MBA or masters in finance – which is right for me?
Looking to boost your financial expertise and advance your career? Enrolling on an MBA or masters in finance could be a great option for you. But which qualification will unlock the development and career opportunities you have in mind? And what is the difference between MBA and MSc Finance courses exactly? In this blog, we’ll outline the main distinctions between the two to help you make the right choice.
MBA vs MSc Finance
1. Work experience requirements
The headline rule is that you can enrol on an MSc Finance course without work experience, but you MUST have this to be accepted on an MBA course.
Compare the entry requirements for our online Master of Business Administration (MBA) and MSc Finance and Strategy courses to give you an idea of the typical experience you’ll need for both degree programmes.
For Manchester Met’s MSc Finance and Strategy:
– A UK honours degree (2:2 or above) in a Business, Finance or Economics related subject or an international equivalent
– OR an equivalent qualification such as ACCA F1-F9
– OR a minimum of 3 years relevant work experience
For Manchester Met’s MBA:
– A UK honours degree (2:2 or above) or an international equivalent PLUS a minimum of 3 years relevant work experience
– OR significant management experience (10 years or more) and a record of achievement in business and leadership
– ALL applicants must be a minimum of 25 years of age
2. Course focus
An MBA is a general management masters programme, designed to build your business acumen across a range of key areas.
MBA units will likely include:
– HR Management
The broader curriculum of an MBA will therefore provide you with a holistic understanding of management that you can apply in leadership positions across various industries.
In contrast, an MSc in Finance has a concentrated focus on the world of finance and will equip you with the knowledge and skills necessary to become a leader in this field.
Units might include:
– Corporate Finance
– Risk Management
– Financial Technologies
To be clear, you will still learn about management best practices – both MBAs and MScs will give you the tools to become leaders – but the course content for a masters is geared towards those forging a career in financial departments and industries specifically.
For example, as part of the MSc Finance and Strategy course, you analyse and work on real-world case studies from financial institutions to put your theoretical learnings into practice. This is the case for all students on the course, whether they currently work in finance or not.
However, on our online MBA, you focus on case studies from a range of sectors. This allows individuals from various backgrounds to learn management theory that they can be apply across business areas and sectors.
That’s not to say you can’t specialise with an MBA, however.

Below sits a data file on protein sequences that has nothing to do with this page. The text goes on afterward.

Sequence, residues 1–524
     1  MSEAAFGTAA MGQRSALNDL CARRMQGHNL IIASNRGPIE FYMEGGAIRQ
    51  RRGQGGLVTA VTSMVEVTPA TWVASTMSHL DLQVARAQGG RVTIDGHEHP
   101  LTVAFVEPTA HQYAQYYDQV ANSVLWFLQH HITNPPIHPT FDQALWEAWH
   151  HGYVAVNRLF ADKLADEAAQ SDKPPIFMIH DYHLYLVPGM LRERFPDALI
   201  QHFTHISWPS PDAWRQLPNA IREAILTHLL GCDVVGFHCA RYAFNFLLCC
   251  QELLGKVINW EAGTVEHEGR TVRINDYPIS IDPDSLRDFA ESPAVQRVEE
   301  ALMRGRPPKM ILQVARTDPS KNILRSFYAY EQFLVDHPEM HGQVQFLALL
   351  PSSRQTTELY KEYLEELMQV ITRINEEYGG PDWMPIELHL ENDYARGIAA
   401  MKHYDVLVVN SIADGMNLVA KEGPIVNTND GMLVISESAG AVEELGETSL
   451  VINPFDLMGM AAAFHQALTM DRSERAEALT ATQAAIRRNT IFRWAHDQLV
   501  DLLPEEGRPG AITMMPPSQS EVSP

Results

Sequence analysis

For the Professional Project unit on Manchester Met’s online course, students conduct an in-depth research project on a chosen area of study, offering the chance to demonstrate the skills and expertise acquired throughout the course, with the option to conduct this for their workplace. If finance is your forte or the function you’d like to support in your organisation, this is a way to zone in on this area and sharpen specific skills.
3. Industry contacts
Networking is critical to attaining leadership positions in the modern business world.
Developing meaningful professional relationships not only ensures you keep your finger on the industry’s pulse and learn from your peers’ processes and innovations, but it also allows you to acquire useful contacts for future job opportunities or collaborations.
Studying an MBA or masters in finance offers a great way to boost your business connections – but the professional make up of your new network will vary depending on the course you opt for.
Because of the broad focus of an MBA, you’ll study with people working across various disciplines and industries globally, from finance to sport, engineering to education and more. This will allow you to build a varied network of business leaders which may be useful for accessing a range of perspectives and potentially facilitating a future career move into a new industry.
On the MSc Finance and Strategy course, however, you will study with finance professionals from around the world, allowing you to grow a more niche global network. If you know that finance is the field for you, this programme allows you to make specific connections with like-minded people that can deepen your understanding of this discipline and the financial industries. It may even open doors to highly relevant job opportunities in the future.
Decision time: MBA or masters in finance
So, is a masters in finance better than an MBA, or vice versa?
Hopefully, this blog has reassured you that one course isn’t ‘better’ than the other – each simply offers different opportunities to students. The decision of which to choose ultimately comes down to you, your previous experience, what interests and inspires you, and your career aspirations.
If your goal is to graduate with a broad awareness of management across disciplines and sectors, an MBA might be the best fit. However, if you want to gain management skills within the specific realm of finance, a masters in finance is most likely the route for you.
If you are interested in enrolling on either our online MBA or MSc Finance and Strategy courses – both delivered by Manchester Met’s triple accredited business school – register your interest via the course pages and an Enrolment Advisor will be in touch to answer your questions.